Pattarawut Sopha, Ph.D.


Office: Chulabhorn Graduate Institute Building, 6th Floor, Room Faculty Office 2

Phone: (66)2 554 1900 ext 2643


  • 2013-2016 Postdoctoral, The University of North Carolina - Chapel Hill
  • 2008-2012 Ph.D. (Biological Sciences) Nara Institute of Science and Technology
  • 2002-2005 M.Sc. (Molecular Genetics and Genetic Engineering) Mahidol University
  • 1998-2002 B. Sc. (Microbiology) Srinakharinwirot University

Research Interests:

Protein homeostasis is an essential cellular adaptation. Improper balance between protein production, folding, and degradation can lead to proteotoxicity, and subsequently cell death (apoptosis). In humans, protein folding defect, immature protein degradation, and unfavorable protein aggregation are considered to be causes of diseases such as neurodegeneration and lung fibrosis. Eukaryotic cells are composed of subcellular compartments that have specific tasks in maintaining cell viability. Among them, the endoplasmic reticulum (ER), in mammalian cells, produces about one-third of total cellular proteins, including soluble and transmembrane proteins, and also provides protein modifications to secretory proteins. Disturbance of the ER generates a situation called ER stress causing an accumulation of misfolded or unfolded proteins. To maintain protein homeostasis, the ER is protected by intracellular stress signaling pathways that transcriptionally control the availability of protein folding machineries or ER chaperones. In addition, excessive unfolded or misfolded proteins can be eliminated by ER-associated protein degradation (ERAD), in which the target proteins are retrotranslocated from the ER and then degraded by cytosolic proteasomes via assistance of chaperones or protein quality control factors.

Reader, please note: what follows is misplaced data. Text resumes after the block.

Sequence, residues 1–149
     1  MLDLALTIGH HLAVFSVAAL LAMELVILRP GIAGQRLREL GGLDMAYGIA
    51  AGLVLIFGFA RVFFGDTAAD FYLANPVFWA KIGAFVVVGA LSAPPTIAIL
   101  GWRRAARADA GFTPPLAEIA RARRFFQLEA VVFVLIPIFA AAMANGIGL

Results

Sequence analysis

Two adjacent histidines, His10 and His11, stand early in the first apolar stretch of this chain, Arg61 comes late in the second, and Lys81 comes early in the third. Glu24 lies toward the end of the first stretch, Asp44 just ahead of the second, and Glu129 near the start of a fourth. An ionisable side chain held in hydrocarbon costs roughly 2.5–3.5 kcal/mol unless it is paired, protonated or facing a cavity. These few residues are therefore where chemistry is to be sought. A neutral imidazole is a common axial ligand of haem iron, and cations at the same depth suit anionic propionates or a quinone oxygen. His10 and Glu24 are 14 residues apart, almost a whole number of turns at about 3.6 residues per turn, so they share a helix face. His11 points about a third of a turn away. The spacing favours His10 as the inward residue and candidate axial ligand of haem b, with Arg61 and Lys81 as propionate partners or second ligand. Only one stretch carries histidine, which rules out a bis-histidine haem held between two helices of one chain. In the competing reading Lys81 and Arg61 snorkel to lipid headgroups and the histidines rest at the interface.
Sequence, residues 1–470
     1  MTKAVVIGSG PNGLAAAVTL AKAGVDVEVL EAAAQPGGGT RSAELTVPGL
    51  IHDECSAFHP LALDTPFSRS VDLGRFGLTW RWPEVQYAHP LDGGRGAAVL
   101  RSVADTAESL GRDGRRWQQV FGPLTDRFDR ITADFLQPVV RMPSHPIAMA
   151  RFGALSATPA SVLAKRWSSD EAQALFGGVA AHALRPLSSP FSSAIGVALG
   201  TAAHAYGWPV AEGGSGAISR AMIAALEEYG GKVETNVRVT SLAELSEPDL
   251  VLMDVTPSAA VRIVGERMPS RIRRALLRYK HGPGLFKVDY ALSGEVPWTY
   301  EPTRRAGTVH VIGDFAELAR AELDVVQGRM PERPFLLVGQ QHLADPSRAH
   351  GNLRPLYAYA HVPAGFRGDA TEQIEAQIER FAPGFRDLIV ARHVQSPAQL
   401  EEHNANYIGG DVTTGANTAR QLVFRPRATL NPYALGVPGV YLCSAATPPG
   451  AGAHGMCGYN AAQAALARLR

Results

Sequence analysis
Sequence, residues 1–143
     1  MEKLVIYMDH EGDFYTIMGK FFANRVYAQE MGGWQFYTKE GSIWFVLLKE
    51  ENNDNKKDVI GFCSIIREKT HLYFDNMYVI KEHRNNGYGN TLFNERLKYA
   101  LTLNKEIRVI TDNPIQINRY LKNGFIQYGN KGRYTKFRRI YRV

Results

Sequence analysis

My research focuses on the investigation of protein homeostasis in mammalian cells. I am particularly interested in studying how chaperones and protein quality control (PQC) factors are regulated and function under proteotoxic stress induced by pathophysiological conditions, chemicals, and environmental factors. Specifically, the condition that cells are disturbed by proteotoxicity from accumulation and aggregation of unfolded or misfolded proteins. I use techniques in Biochemistry (such as cell fractionation, protein purification, and metabolic labeling) and Molecular Biology (for example gene cloning, heterologous gene expression) to answer basic science questions and phenomena in a field of Cell Biology.

Selected Publications:

The ER-transmembrane Hsp40 DNAJB12 is sensitive to acute ER stress and degraded beforein response to ER stress- induced apoptosis. Sopha P, Ren HY, Cyr DM (Manuscript in prep.)

Restoration of R117H CFTR Folding and Function in Human Airway Cells Through Combination Treatment with VX-809 and VX-770. Gentzsch M, Ren HY, Houck SA, Quinney NL, Cholon DM, Sopha P, Chaudhry IG, Das J, Dokholyan NV, Randell AH, Cyr DM. Am J Physiol Lung Cell Mol Physiol. 311 L550–L559 (2016 September)

VX-809 corrects folding defects in cystic fibrosis transmembrane conductance regulatorprotein through action on membrane-spanning domain 1. Ren HY, Grove DE, De La Rosa O, Houck SA, Sopha P, Goor FV, Hoffman BJ, Cyr DM Mol Biol Cell. 24 p3016-24 (2013 August)

A novel mammalian ER-located J-protein, DNAJB14, can accelerate ERAD of misfolded membrane proteins. Sopha P, Kadokura H, Yamamoto Y, Takeuchi M, Saito M, Tsuru A, Kohno K. Cell Struct. Funct. 37 p177-187 (2012 September)

Domain compatibility in Ire1 kinase is critical for the unfolded protein response. Poothong J, Sopha P, Kaufman RJ, Tirasophon W. FEBS Lett. 584 p3203 – 3208 (2010 June)

Full list of publications